The crater lake, formed after the 1991 eruption of Mount Pinatubo
Location within the Philippines
|Location||Mount Pinatubo, Luzon|
|Primary inflows||Precipitation only|
|Primary outflows||Bucao River; other smaller rivers and creeks|
|Catchment area||5 km2 (2 sq mi)|
|Max. width||2.5 km (1.6 mi)|
|Surface area||183 ha (450 acres)|
|Max. depth||600 m (2,000 ft)|
|Surface elevation||900 m (3,000 ft)|
Lake Pinatubo (Filipino: Lawa ng Pinatubo) is the summit crater lake of Mount Pinatubo formed after its climactic eruption on June 15, 1991. The lake is located near the boundaries of Pampanga, Tarlac and Zambales provinces in the Philippines and is the deepest lake in the country at 600 m (2,000 ft). It is about 90 km (56 mi) northwest of the capital city of Manila.
Mount Pinatubo's volcanic activity has followed a cycle: centuries of repose terminated by a caldera-forming eruption with large pyroclastic flows; a post-eruption aftermath of rain-triggered lahars in surrounding drainages and dome-building that fills the caldera; and then another long quiescent period. During and after the eruptions, lahars descending along volcano channels may block tributaries from watersheds beyond Pinatubo, creating natural lakes. Geophysical evidence shows that there were at least two ancient lakes in the Mapanuepe River valley in the southwestern part of the volcano.
The climactic 1991 eruption of Mount Pinatubo destroyed the volcano's original summit. In its place is a 2.5 kilometres (1.6 mi) diameter caldera, the center of which is offset 1 kilometre (0.62 mi) northward from the pre-eruption summit. It was created from the collapse of the volcano's summit on June 15, during the period of abundant large earthquakes in response to withdrawal of a large volume of magma from the reservoir beneath the volcano. By early September 1991, a shallow lake formed. The high precipitation rate of the area led to a rapid transition from a small and hot acid lake to a large lake with near-ambient temperature and pH.
The mountain range wherein the volcano is located is inhabited by the indigenous Aetas. An old Aeta legend tells of a lake that once existed in the site, most probably the latter of the two ancient crater lakes, and of a great explosion that destroyed it.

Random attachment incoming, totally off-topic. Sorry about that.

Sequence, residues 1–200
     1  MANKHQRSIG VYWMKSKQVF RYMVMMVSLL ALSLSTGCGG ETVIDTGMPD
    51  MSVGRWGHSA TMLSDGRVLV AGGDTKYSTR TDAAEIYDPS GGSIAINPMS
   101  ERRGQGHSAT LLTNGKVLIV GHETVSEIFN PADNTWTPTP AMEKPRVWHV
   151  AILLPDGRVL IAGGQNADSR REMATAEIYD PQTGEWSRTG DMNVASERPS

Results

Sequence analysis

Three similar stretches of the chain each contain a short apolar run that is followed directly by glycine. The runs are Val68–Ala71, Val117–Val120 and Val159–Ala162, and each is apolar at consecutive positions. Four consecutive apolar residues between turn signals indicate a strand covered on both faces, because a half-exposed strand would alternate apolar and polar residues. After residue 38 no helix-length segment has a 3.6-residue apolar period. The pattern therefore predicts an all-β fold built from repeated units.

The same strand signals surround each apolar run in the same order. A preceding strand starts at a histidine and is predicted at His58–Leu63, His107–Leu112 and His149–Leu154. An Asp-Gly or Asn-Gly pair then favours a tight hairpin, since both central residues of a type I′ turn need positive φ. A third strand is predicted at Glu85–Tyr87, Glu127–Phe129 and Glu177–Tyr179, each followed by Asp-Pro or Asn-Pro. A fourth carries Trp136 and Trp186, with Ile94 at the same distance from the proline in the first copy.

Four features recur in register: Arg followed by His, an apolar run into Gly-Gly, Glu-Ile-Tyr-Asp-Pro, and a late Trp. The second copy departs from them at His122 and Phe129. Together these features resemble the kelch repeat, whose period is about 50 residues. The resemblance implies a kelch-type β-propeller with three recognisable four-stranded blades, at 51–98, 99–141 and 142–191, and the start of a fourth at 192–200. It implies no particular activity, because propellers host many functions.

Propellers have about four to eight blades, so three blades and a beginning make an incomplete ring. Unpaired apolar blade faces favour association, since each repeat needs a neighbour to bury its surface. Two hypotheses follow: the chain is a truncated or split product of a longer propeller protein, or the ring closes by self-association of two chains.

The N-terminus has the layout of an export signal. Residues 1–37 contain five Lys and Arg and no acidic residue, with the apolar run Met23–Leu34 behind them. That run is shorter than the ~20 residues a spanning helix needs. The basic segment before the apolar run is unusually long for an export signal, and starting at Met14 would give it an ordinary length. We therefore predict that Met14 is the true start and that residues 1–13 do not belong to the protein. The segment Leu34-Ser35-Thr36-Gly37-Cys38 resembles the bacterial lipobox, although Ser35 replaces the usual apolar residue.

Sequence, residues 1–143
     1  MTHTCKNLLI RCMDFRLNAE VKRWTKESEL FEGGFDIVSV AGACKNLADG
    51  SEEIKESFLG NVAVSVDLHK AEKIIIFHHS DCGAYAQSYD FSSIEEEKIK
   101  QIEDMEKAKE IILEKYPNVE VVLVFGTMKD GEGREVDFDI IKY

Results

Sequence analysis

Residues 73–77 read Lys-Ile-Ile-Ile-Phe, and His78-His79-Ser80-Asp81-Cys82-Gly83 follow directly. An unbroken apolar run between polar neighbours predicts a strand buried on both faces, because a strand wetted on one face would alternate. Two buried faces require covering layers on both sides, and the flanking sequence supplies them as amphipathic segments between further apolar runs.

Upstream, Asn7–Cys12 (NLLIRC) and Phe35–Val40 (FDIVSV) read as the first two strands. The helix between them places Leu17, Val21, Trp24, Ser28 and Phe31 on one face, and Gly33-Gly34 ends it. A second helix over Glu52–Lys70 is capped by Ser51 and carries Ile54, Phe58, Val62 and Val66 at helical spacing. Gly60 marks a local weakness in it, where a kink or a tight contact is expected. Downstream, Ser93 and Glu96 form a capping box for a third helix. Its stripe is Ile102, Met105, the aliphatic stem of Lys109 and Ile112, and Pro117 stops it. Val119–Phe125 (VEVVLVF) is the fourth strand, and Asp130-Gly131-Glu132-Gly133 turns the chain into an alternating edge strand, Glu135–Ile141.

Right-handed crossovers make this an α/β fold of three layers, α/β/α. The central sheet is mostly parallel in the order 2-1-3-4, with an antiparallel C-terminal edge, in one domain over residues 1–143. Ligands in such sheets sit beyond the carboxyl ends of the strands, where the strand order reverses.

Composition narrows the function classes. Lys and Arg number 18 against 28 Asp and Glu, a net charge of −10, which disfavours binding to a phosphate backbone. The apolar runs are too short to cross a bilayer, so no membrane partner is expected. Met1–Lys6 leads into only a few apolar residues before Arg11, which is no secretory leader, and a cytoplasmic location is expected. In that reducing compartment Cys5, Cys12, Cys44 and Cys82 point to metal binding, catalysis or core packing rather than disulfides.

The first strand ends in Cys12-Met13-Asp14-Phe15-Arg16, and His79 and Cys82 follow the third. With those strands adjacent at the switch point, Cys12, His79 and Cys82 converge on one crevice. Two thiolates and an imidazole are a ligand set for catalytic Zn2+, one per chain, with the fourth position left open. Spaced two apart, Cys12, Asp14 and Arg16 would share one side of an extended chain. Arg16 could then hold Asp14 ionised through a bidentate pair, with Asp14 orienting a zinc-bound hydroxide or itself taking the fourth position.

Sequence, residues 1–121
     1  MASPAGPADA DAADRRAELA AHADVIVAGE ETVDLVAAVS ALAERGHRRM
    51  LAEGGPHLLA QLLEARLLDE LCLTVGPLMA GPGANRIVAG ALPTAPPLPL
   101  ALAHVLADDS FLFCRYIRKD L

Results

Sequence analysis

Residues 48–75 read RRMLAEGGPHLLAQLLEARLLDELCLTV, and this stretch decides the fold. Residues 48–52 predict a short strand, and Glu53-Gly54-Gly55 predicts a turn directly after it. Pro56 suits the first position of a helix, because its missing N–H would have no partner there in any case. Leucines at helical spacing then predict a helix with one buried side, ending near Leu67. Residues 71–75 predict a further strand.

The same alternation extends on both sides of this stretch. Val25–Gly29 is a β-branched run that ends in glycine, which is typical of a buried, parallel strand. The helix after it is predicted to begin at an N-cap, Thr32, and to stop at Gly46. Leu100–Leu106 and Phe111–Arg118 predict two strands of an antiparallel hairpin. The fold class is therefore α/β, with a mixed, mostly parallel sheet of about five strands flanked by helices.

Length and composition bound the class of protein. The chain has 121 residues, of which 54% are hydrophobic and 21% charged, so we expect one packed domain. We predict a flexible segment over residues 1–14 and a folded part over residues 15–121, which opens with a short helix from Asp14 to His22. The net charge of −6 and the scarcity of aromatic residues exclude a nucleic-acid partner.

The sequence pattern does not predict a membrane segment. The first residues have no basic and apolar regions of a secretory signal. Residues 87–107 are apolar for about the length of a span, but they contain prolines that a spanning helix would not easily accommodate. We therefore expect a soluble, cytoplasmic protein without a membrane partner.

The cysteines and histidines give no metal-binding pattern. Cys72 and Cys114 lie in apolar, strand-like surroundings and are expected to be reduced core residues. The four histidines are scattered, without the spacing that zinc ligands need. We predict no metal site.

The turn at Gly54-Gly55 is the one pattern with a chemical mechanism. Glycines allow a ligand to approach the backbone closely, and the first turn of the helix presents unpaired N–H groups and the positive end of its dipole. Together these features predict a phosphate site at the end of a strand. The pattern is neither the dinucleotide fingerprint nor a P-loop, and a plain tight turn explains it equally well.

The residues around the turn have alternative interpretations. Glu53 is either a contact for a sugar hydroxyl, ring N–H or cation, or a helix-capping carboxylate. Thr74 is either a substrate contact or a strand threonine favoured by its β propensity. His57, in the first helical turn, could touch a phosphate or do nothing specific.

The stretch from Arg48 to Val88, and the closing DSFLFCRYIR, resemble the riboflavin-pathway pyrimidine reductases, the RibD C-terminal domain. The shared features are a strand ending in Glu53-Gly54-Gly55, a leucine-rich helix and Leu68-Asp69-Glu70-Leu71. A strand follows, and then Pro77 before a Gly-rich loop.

Risk of flash floods in the communities found in the vicinity of the recently dormant volcano is imminent because of a danger of the caldera collapsing due to water pressure and a long-term increase in the water level of ~1 m/month. Experts had feared the weight of the water could have breached the crater walls and flooded the homes of up to 40,000 people in and around the small coastal town of Botolan, located 25 miles from the volcano.
In September 2001, residents of Botolan and nearby areas were sent to evacuation centers as a precaution from a possible deluge of mud and water. The Philippine government ordered a controlled draining of the lake and had authorities dig a 5m-wide channel from the edge of the volcano's crater, draining about a quarter of the lake's volume and diverting the excess lakewater into local rivers. Existing lahar canyons serve as water drainage paths to surrounding rivers and creeks, the largest of which is the Bucao River. In 2002, accumulated rainwater in the lake rose to dangerous levels during the rainy monsoon season, breached the artificial drainage canal, and triggered mild lahar flows in the area.
The lake is described as "a wide jewel of blue and green"  and is now a popular bush walking destination, mostly frequented by mountaineers and adventure-seekers. Until a few years ago, a trip to the summit involved either days of hiking or hours of 4-wheel vehicle travel followed by a 2-hour hard hike. Eventually, a trail called the Skyway was made that allows 4 wheel drive vehicles a shorter route to a drop off point to trek to the crater. The skyway shortened the route to a 1.4-hour ride and a 45-minute to an hour's trek. The best time to visit the lake is during the dry season, from November to May.
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